This post is about the components of blood and their functions. First lets talk about the blood.
What is Blood?
Blood is both a tissue and a fluid. This is because the blood is a collection of similar specialized cells that serve particular functions. These cells are suspended in a liquid matrix called plasma which makes the blood a fluid. The blood is a transport liquid pumped by the heart to all parts of the body, after which it is returned to the heart to repeat the process.
The Components of Blood
In humans, blood is an opaque red fluid, freely flowing but denser and more viscous than water. The characteristic color is imparted by hemoglobin, a unique iron-containing protein.
Hemoglobin brightens in color when saturated with oxygen and darkens when oxygen is removed. For this reason, the partially deoxygenated blood from a vein is darker than oxygenated blood from an artery.
The red cells constitute about 45 percent of the volume of blood, and the remaining cells such as white blood cells and platelets constitutes less than one percent.
The fluid portion known as plasma, is a clear, slightly sticky, yellowish liquid. After a fatty meal, plasma transiently appears turbid.
Within the body the blood is permanently fluid, and turbulent flow assures that cells and plasma are fairly homogeneously mixed.
The components of blood are namely:
- Red Blood Cells
- White Blood Cells
The liquid portion of the blood is the plasma. It is a complex solution containing more than 90 percent of water. Of all the constituents of plasma, proteins are the most abundant, making up about 7 percent of the plasma by weight. In fact, the principal difference between the plasma and the extracellular fluid of the tissues is the high protein content of the plasma.
Functions of The Plasma
The functions of blood plasma:
- Plasma serves as a transport medium for delivering nutrients to the cells of the various organs of the body.
- It transports waste products derived from cellular metabolism to the kidneys, liver, and lungs for excretion.
- It is also a transport system for blood cells.
- It plays a critical role in maintaining normal blood pressure.
- Plasma helps to distribute heat throughout the body and to maintain homeostasis including acid-base balance in the blood and body.
- The water of the plasma is freely exchangeable with that of body cells and other extracellular fluids and is available to maintain the normal state of hydration of all tissues.
The Red Blood Cells
The red blood cells are highly specialized, well adapted for their primary function of oxygen transport. Each red blood cell is a package of hemoglobin molecules. Hemoglobin is the red iron-containing pigment that carries oxygen in the blood.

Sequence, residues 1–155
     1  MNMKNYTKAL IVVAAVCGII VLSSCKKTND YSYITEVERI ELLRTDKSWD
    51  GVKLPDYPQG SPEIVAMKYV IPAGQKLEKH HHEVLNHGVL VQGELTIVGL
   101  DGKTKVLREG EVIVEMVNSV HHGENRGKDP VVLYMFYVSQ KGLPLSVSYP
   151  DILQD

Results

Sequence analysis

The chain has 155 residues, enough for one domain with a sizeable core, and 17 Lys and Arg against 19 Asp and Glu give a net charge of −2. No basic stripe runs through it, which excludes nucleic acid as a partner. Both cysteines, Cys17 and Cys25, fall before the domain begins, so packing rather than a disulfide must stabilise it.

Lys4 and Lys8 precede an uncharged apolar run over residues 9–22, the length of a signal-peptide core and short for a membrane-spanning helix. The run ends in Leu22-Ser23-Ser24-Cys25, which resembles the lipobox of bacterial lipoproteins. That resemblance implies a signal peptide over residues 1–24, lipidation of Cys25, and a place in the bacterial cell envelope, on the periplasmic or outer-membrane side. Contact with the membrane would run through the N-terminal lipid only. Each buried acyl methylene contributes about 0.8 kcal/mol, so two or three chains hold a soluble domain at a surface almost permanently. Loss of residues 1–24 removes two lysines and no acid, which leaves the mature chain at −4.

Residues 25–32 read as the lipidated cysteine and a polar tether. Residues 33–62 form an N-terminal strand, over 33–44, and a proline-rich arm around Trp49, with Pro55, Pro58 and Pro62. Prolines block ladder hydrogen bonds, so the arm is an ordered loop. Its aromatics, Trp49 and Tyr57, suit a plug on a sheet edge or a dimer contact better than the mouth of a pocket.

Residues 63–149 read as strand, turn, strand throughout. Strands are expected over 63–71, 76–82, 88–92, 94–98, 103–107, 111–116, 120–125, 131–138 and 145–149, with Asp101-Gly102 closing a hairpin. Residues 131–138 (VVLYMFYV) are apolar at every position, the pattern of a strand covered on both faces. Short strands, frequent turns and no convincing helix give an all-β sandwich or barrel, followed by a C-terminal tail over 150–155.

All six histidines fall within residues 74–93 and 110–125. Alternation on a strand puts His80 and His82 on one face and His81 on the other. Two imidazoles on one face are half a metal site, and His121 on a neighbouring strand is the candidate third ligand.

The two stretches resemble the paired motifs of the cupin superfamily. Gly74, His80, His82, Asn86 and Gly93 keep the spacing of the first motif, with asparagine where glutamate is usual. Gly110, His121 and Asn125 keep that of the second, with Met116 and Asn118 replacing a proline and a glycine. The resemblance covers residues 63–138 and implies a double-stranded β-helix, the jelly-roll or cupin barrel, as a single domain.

Functions of the red blood cells:
- Red blood cells contains hemoglobin, which transports oxygen from the lungs to all parts of the body.
- It has no nucleus and has more space to carry hemoglobin and oxygen.
- It has a circular biconcave shape. This increases the surface to volume ratio and therefore oxygen can diffuse in and out at a more efficient and faster rate.
- It has a thin outer membrane to let oxygen diffuse through easily.
- The red cell is also capable of transporting carbon dioxide (CO2) from the periphery to the lungs.
The White Blood Cells
White blood cells are also known as leukocytes. Unlike red cells, white blood cells are nucleated, independently motile, and lack hemoglobin.
Functions of the white blood cells:
- They defend the body against infection and disease.
- They ingest foreign materials and cellular debris destroying infectious agents and cancer cells.
- They also have some reparative functions.
- They do not undergo cell division in the bloodstream.
The blood platelets are the smallest cells of the blood, averaging about 2-4 micrometers in diameter.
Although much more numerous than the white cells, they occupy a much smaller fraction of the volume of blood because of their relatively minute size. Like the red cells, platelets lack a nucleus and are incapable of cell division, but they have a more complex metabolism and internal structure.
When seen in fresh blood they appear spheroid but they have a tendency to extrude hairlike filaments from their membranes. They stick to each other but not to red cells and white cells. Tiny granules within platelets contain substances important for the clot-promoting activity of platelets.
Functions of the platelets:
- The function of the platelets is related to hemostasis, the prevention and control of bleeding.
- Platelets stops the bleeding when there’s injury by forming a blood clot on the surface.
- Platelets also contribute substances essential for the normal coagulation of the blood, and they cause a clot to shrink after it has been formed.
The blood is a fluid tissue that has four components. They are plasma, red blood cells, white blood cells, and platelets. Plasma makes up the liquid part of the blood while red cells have hemoglobin that carries oxygen throughout the body. White blood cells attack and destroy foreign objects that enter the body. Platelets helps the blood to clot when there’s injury.
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